How do you manage changes in your company’s share ownership structure?
Cass hosts leading practitioner debate on corporate governance and the changing investor landscape
In a lively debate recently hosted by Cass Business School at The Henry Welcome Auditorium leading corporate governance practitioners have examined the future of regulation and governance as the share ownership landscape in UK companies changes in the wake of the financial crisis.
As part of a full day conference the practitioner panel session saw representatives from Blackrock, The British Venture Capital Association, Norges Bank Investment Management, USS Pension Fund and Capital International debating their institutions' engagement strategies with portfolio companies and their implications for corporate governance.
The conference opened with Stephen Haddrill, CEO of the Financial Reporting Council (FRC) delivering the keynote speech on how changing patterns of share ownership affect compliance with the Stewardship Code developed by the FRC in July 2010 that presents best practise guidelines in terms of shareholders' involvement with companies.
Following Mr Haddrill, Cass Professor Igor Filatotchev previewed his new research into shareholder patterns of FTSE 100 companies, partially funded by the Financial Reporting Council (FRC), and set the context of the discussion to follow.
Introducing the debate, Professor Filatotchev acknowledged that the panellists represented different types of institutional investors and asked "what is the future of investor engagement with companies in their portfolios?" Michelle Edkins, Head of Corporate Governance Europe, BlackRock began the discussion indicating that although corporate governance rules are global, effective implementation lies at a local level and that "Corporate governance is less about rules but more about assessing leadership and management with the aim of long term value creation"
She adds that corporate governance also involves behavioural issues and that "Guidance, best practise and shared experience" underpin the acceptance of "Good soft regulation".
Gavin Grant, a Head of Ownership Strategies, Norges Bank Investment Management, one of the largest Sovereign Wealth Funds active in the UK, indicated that good research is imperative in ensuring the quality of engagement indicating that "long term underperformance is a governance problem and better quality research will lead to higher returns".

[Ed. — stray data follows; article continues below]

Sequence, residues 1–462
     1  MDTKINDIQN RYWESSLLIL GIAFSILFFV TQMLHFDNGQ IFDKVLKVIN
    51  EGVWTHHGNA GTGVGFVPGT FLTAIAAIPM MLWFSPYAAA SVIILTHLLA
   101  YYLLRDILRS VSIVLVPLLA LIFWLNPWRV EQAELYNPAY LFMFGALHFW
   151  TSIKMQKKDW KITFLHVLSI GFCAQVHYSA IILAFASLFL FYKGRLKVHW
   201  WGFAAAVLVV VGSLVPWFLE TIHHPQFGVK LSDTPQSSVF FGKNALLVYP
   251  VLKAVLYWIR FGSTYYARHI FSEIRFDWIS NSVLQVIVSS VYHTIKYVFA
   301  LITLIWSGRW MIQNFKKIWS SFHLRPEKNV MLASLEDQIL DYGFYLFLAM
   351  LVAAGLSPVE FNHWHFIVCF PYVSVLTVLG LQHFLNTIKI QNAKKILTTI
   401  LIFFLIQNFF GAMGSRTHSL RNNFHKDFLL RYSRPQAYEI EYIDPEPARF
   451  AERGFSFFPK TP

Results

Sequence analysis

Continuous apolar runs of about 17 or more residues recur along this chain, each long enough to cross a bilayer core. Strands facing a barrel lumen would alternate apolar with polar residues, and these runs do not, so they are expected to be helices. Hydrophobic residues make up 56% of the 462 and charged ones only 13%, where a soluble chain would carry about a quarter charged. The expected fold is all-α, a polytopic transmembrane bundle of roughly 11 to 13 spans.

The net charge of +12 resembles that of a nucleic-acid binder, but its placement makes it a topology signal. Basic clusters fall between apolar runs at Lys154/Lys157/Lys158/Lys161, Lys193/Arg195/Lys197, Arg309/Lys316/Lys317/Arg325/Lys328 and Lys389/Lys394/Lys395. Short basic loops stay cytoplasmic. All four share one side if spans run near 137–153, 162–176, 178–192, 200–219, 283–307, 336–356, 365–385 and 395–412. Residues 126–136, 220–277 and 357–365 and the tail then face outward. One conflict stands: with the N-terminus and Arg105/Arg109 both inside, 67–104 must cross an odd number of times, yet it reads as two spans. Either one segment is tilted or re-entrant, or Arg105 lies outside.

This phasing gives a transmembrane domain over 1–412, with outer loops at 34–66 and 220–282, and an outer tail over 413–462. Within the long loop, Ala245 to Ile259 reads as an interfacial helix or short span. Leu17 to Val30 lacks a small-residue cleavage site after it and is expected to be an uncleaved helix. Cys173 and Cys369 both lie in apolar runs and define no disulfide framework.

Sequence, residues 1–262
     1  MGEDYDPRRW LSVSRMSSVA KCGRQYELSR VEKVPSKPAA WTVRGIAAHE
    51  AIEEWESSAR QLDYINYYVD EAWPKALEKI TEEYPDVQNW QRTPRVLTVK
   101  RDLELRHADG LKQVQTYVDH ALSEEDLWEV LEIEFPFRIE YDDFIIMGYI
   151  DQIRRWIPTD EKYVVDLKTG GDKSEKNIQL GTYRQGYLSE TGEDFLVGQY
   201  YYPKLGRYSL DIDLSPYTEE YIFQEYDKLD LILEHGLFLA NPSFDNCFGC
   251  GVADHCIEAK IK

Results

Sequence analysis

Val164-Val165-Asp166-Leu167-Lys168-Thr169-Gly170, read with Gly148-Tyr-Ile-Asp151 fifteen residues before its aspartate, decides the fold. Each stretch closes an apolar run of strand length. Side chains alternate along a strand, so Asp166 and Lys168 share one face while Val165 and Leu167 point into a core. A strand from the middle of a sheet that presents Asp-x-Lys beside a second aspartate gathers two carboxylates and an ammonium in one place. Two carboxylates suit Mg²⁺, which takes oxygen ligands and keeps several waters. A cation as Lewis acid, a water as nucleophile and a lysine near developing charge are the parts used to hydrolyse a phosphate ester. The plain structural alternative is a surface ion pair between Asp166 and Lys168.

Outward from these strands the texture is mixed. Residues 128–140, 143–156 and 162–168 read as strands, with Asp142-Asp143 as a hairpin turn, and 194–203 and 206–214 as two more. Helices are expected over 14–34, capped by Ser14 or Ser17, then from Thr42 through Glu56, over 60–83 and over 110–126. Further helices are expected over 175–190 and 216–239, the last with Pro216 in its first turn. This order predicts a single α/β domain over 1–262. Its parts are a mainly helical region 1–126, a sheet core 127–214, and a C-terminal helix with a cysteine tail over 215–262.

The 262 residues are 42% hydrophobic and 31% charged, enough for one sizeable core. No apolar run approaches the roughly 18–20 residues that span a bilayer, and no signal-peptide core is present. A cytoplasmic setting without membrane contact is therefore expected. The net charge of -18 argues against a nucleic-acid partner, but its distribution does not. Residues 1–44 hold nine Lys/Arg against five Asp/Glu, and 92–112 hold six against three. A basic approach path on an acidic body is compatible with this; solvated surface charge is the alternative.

Dr Daniel Summerfield, Head of Responsible Investment, USS Pension Fund and Ida Levine, Director at Capital International added to the debate with Dr Summerfield acknowledging that "Corporate governance is now a mainstream tool for long term success."
Ms Levine applauded the advancement of corporate governance policy in the UK in comparison with the US commenting that the US was perhaps regressing in terms of its policy on corporate governance and pointed to the Stewardship Code in the UK as a good example of corporate governance developing in changing financial climates.
Summing up the event Colin Ellis, Chief Economist, British Venture Capital Association, said: "Corporate governance is very much back in the spotlight and events such as this enable us to compare notes on the latest developments. Combining academic research with professional and regulatory comments helps to ensure the benefits of best practise are shared and developed.
Dr Christina Makris, Business Development Manager at Cass added "This event is a successful example of how Cass's leading research centres combine new academic research with practitioner review and feedback. It's important that our research demonstrates impact and insights to user communities, while maintaining academic rigour and objectivity."